New Single Family Home Coming to the Central West End (4321 Maryland)

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A new single family home will be constructed at 4321 Maryland in the Central West End. A $300,000 building permit application is on file with the City. The owner is Ryan Denisi.

The home is located in the Central West End Local Historic District and therefore required City approval of design prior to construction. That approval was granted at the March 2014 Preservation Board meeting.

Below is a drawing of the front facade, obtained from the City’s Cultural Resources Office’s March 2014 agenda:

4321Maryland

And here is a Google Streetview capture of the current vacant lot:

4321MarylandVL

Click here for a map of the area.

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  • onecity

    What exciting brickwork! I love its exclusive use of stretchers! God forbid anyone use headers or pattern variation…And what’s up with the brick extending below the first floor. Ever heard of exposed stonework? I mean, if you’re going to insist on historic styles, at least demand that they get the details right!

    • Mathew Chandler

      Technology has changed people don’t build stone foundations, and in my opinion real brick would be better than faux stone. I totally agree with what you are saying, I think it would be ideal to have all new development mimic historic structures, but if the city required every detail to match im betting most people would say “to hell with it im building in the county” or at least outside of the regulated historic district, after their proposed development was denied a few times. It is much better than some infill development the city has allowed. I almosed puked when i drove through “The Gate” neighborhood.

      • john w.

        you think “it would be ideal to have all new development mimic historic structures”? Seriously? Architecture should speak of its time, and not needlessly ape ages past. Your avatar appears to be an image of Jane Jacobs, who would undoubtedly dismiss such a notion of forced homogeneity and cheap fakery out of hand. Urban richness, as Jacobs provided much descriptive writing of, is comprised of a diversity of styles and materials, and is ultimately a matter of structured form rather than simply styles or materials. Replicas add nothing to city character, but instead take the place of something that could genuinely have. Architecture that does not move forward grows mold.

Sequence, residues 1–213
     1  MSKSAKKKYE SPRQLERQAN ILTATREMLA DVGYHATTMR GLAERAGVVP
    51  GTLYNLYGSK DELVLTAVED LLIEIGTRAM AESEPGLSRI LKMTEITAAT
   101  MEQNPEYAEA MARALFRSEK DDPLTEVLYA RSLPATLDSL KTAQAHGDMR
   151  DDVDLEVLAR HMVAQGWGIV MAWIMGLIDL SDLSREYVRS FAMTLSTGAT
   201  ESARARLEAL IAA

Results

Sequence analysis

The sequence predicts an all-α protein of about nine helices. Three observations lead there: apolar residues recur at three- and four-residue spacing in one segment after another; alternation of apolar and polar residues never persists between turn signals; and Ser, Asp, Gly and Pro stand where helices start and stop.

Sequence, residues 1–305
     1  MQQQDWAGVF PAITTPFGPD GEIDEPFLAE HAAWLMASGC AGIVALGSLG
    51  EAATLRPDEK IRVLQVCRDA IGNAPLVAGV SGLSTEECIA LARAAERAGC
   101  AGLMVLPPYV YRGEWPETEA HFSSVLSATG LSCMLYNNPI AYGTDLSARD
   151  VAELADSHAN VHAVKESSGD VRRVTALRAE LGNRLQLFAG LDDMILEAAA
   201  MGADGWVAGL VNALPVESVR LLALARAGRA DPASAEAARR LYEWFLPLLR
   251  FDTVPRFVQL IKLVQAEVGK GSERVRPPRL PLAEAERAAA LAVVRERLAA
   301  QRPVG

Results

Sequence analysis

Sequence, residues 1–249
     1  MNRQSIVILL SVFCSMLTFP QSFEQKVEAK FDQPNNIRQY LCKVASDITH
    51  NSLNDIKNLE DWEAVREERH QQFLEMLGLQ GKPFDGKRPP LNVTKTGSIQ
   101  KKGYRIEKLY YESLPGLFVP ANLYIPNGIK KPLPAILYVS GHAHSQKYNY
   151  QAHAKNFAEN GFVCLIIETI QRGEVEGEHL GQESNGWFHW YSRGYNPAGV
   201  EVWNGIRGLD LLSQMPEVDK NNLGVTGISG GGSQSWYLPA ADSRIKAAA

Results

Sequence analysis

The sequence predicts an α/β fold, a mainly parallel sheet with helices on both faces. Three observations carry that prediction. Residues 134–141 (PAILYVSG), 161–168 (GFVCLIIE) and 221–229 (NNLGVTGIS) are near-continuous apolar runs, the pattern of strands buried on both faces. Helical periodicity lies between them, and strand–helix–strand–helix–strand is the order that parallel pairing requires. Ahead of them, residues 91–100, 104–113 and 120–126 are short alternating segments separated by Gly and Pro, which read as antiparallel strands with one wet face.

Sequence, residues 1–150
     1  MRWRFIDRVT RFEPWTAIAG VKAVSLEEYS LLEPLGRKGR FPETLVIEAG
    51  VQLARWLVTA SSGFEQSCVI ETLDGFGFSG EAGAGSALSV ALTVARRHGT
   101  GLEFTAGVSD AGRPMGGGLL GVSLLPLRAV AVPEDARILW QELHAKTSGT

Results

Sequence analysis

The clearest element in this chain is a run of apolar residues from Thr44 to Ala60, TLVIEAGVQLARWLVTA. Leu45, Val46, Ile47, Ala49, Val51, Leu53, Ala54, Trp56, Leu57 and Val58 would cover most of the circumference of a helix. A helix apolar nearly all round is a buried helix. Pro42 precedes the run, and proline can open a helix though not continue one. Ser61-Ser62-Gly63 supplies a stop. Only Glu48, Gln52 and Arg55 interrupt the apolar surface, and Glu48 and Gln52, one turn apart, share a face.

• DanieljSTL

          There are far too many details of late 1800’s and early 1900’s architecture to pull off with any accuracy, and most builders would never be willing to take the extra time and pay attention to details to pull off a replica. No matter what they do, it’s likely to end up standing out as new construction on a block full of majestic Victorians. It’s like the guys who put body kits on corvettes and call them Testarossa replicas. Why bother?

          While I appreciate the fact that the district wants to approve the build, it seems silly to try to replicate something, just because it’s in a historic district. I took one look at the drawing and immediately noticed 5 or 6 details that set it off as new construction. Even the untrained eye will be able to tell that this is new, once it’s complete and surrounded by history.

          It would look ridiculous if someone tried to build a McBride style plastic siding, front entry garage, suburban home there, but who am I to criticize someone for filling an empty lot where the weeds are knee high? Congrats on the build. Hopefully the new homeowners take pride in their neighborhood.

          • john w.

            For the record, I am the architect on this project, and can report that the owner does just that. Land development is a tough game to play when the developer has a bottom line that is, to it, more important than lasting urban legacy. I’ll leave it at that.